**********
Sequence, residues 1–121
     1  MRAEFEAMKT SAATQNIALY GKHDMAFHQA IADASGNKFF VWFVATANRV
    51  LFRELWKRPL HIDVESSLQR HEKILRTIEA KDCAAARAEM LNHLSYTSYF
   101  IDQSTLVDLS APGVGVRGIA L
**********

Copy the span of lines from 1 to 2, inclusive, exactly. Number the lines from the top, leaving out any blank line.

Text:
Sequence, residues 1–121
     1  MRAEFEAMKT SAATQNIALY GKHDMAFHQA IADASGNKFF VWFVATANRV